• Boudica (US title Warrior Queen) is a 2003 film written by Andrew Davies and starring Alex Kingston as Boudica.
  • Warrior Queen was a 1978 TV series, starring Siân Phillips as Boudica.
  • The Viking Queen is a 1967 adventure film set in ancient Britain, in which the role of ‘Queen Salina’ is based upon the historical figure of Boudica.
  • In the fictional world of Ghosts of Albion, ‘Queen Bodicea’ is one of three Ghosts who once were mystical protectors of Albion and assists the current protectors with advice and knowledge.
  • Television series Bonekickers dedicated an hour to Boudica in the episode named The Eternal Fire.

Video Games:

  • In 2013 video game Ryse: Son of Rome Boudica appears as a heavily fictionalized character.
  • She appears as a Rider-class Servant in the 2015 mobile game Fate/Grand Order.


Boudica has also been the primary subject of songs by Irish singer/songwriter Enya, Dutch soprano Petra Berger, Scottish singer/songwriter Steve McDonald, English metal band Bal-SagothFaith and the MuseMason and Róisín Murphy, and Dreams in the Witching House.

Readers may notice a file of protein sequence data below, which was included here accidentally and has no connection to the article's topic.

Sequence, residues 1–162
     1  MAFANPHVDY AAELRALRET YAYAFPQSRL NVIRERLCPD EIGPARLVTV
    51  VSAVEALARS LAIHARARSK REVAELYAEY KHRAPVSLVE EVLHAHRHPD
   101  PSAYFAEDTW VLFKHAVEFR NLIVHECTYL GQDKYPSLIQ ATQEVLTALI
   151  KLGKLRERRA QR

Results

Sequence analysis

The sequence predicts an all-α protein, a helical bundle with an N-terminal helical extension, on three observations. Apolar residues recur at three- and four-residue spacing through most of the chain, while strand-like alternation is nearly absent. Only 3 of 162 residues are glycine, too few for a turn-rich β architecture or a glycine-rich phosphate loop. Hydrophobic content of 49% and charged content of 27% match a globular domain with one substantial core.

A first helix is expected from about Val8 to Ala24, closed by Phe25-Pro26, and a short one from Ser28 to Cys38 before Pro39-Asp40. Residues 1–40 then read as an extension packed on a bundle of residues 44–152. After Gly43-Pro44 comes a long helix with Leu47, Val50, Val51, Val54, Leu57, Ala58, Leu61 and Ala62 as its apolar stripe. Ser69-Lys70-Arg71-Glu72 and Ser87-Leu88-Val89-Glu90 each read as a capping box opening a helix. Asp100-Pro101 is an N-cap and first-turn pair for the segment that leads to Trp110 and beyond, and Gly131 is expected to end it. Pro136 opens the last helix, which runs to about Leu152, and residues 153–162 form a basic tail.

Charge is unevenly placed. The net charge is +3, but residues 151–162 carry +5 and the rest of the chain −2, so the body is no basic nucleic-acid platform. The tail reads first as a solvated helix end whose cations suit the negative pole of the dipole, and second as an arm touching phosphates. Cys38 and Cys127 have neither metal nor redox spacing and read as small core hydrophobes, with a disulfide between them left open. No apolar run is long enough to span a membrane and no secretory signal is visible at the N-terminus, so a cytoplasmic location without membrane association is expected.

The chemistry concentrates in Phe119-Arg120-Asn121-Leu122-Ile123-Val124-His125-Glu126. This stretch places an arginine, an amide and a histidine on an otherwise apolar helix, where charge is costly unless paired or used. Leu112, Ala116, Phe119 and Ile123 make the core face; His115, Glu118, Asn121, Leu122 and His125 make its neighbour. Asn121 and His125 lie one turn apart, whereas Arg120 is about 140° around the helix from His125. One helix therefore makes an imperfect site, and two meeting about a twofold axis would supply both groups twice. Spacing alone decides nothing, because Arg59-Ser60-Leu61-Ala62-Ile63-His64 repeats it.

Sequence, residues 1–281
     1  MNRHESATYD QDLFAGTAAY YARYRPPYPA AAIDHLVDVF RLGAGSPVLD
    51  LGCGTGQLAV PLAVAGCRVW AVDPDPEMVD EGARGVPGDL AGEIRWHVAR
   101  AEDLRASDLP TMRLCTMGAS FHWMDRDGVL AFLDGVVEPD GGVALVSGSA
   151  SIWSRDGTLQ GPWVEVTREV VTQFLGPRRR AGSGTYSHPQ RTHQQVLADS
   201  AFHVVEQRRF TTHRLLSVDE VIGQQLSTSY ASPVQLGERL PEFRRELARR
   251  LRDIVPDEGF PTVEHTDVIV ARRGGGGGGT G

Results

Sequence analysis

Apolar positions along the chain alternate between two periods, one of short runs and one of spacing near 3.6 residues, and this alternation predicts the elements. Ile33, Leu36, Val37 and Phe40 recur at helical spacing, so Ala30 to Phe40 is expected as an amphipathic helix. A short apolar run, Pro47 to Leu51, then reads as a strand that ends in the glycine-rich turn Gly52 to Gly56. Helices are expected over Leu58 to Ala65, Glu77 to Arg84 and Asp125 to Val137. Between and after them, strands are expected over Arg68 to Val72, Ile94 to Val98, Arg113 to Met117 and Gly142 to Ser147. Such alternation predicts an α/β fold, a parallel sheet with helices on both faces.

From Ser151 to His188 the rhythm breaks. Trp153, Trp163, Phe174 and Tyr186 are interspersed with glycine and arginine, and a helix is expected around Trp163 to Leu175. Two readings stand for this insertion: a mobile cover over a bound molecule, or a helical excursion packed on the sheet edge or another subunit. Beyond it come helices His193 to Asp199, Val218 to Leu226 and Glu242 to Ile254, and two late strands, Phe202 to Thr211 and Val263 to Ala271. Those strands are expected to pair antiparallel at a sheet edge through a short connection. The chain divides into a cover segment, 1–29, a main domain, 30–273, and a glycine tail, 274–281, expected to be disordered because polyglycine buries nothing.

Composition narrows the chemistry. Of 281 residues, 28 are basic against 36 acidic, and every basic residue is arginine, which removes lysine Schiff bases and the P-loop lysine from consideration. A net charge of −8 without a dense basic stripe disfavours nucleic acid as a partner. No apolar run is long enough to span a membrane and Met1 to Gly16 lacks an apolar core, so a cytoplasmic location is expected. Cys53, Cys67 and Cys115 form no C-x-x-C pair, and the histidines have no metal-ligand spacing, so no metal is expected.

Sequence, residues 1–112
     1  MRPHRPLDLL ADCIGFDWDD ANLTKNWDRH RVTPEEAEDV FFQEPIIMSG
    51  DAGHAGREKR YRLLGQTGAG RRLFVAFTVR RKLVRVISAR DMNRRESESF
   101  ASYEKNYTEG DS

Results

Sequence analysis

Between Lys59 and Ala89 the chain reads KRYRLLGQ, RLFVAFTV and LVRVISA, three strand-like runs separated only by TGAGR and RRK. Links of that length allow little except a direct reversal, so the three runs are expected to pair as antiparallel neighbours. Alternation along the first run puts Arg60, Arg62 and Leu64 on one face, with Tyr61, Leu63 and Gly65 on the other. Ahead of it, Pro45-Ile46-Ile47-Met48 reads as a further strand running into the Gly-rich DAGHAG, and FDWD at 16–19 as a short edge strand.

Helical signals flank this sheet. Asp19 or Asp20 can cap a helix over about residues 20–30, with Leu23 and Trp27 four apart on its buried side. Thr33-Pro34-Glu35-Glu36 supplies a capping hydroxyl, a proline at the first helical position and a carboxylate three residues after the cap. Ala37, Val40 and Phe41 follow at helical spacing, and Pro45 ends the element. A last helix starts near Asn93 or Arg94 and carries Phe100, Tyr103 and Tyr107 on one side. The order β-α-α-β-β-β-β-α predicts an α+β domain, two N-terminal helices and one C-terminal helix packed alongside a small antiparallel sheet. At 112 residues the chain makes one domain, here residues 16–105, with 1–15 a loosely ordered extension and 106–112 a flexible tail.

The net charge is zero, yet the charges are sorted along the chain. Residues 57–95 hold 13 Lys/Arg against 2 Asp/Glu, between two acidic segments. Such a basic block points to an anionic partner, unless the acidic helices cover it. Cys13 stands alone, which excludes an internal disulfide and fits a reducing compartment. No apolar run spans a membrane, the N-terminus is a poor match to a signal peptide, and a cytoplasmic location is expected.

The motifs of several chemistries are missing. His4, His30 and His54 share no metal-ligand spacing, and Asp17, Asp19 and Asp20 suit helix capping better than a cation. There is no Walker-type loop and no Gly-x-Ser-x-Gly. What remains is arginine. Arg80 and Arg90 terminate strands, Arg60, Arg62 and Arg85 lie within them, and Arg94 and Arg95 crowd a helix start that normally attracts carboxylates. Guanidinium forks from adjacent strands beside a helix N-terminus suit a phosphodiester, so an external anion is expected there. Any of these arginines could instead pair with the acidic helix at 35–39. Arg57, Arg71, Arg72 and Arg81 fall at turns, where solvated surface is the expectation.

In Science:

In 2003 an LTR retrotransposon from the genome of the human blood fluke “Schistosoma mansoni” was named “Boudicca”.


The AnnalsTacitus

Roman History – Cassius Dio

Image credits:

Queen Boudica by John Opie” by John Opie – Easy Art.

Licensed under Public Domain via Wikimedia Commons

Queen Boadicea2” by Anonymous – True Stories of Wonderful Deeds: Pictures and Stories for Little Folk.

Licensed under Public Domain via Wikimedia Commons

Pictures of English History Plate IV – Boadicea and Her Army” by Joseph Martin Kronheim (1810–96)[1] – →This file has been extracted from another file: Pictures of English History – Plates I to IV.jpg.

Licensed under Public Domain via Wikimedia Commons

Watling Street Northamptonshire” by Ian Rob.

Licensed under CC BY-SA 2.0 via Commons


2 thoughts on “Boudica – d. 60/61 – Norfolk, Britain

  1. I love seeing Boudicca in fiction. She does hold a lot of historical and mythological clout. I really rate the Manda Scott series too. I love the way she weaves that world together.
    I saw the chariot Alex Kingston road in the Andrew Davies adaptation in Colchester Castle too. Unfortunately they weren’t letting people actually get on it.